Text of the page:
how big should the increase in avg speed be?

Mar 21, 2009
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Hello,

so recently I've bought a Scott Speedster S30 bike as my 2nd bike. Until now I've been riding a Mongoose crossbike and I've been hitting 32km/h avg speed on a flat course, 30km. This course has few corners and basically no stops, so its "pedal to the metal" (well the other way round) action all the time. Obviously the avg speed was altered occasionally by strong wind, but the 31-32km/h mark was pretty constant. I got pretty slick tires on the crossbike, but they are still a bit fat and around 3-4 bars pressure max. Also got TT handle bars on them (amateur ones)

Now, its was my 4th or 5th time on the same course with my Scott bike and ... I got the same times. Almost identical. At first I thought it was the pressure, I pumped 5 bars, which was much too low (6-9 suggested on the tire), so I pumped to 7 and had no significant improvement.

What is wrong, is it me or the bike? I know I shouldnt have expected that all of the sudden I would hit 40km/h marks, but come on, at least 3-4km/h more?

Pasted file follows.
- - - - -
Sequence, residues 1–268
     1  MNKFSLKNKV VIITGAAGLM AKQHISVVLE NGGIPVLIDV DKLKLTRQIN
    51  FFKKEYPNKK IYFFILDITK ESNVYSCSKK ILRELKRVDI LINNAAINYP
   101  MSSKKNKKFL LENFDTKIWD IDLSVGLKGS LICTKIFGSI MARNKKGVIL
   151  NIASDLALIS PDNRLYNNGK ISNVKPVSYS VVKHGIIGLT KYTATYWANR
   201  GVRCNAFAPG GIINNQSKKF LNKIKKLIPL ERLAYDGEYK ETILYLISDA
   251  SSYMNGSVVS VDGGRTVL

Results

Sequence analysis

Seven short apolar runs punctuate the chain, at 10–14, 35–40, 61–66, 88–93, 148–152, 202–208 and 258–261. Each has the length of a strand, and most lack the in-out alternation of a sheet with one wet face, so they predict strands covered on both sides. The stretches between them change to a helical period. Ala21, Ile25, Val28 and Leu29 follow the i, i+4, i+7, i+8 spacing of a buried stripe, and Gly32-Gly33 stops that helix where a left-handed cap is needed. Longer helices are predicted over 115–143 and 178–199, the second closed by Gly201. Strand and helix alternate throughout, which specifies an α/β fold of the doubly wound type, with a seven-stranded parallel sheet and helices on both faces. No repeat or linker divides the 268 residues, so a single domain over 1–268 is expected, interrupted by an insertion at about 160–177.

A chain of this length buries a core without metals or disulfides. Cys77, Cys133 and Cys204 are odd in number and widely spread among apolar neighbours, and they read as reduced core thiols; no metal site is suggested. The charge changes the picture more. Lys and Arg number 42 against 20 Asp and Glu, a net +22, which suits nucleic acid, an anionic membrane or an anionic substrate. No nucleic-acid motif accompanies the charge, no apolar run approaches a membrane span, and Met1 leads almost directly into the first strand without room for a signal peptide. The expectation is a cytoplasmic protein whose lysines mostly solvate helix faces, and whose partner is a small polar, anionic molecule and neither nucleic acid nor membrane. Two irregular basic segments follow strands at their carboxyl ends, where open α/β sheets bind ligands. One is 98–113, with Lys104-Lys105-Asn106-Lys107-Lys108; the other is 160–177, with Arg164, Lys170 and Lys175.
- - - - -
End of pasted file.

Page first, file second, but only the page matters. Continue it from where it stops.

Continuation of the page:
Also Mongoose has now like 10k done, its been serviced, but it doesnt go so smoothly either way and Scott is brand new basically, it was a demo.

Suggestions? Should there be an increase at all? I mean 32km/h avg on a road bike on short course is quite bad, isn't it? I was happy with it on the crossbike.
 
Mar 21, 2009
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King Boonen said:
Did you get new legs with the Scott? There's your answer ;)
No, but, I think there is a reason, why Contador didn't win Giro on a crossbike, isn't there?

Also, the other year I had my first amateur race on the crossbike. Globally (including both road bike and other bikes) I was like in the 300s of 1000 riders and excluding roadbikes I was 11th...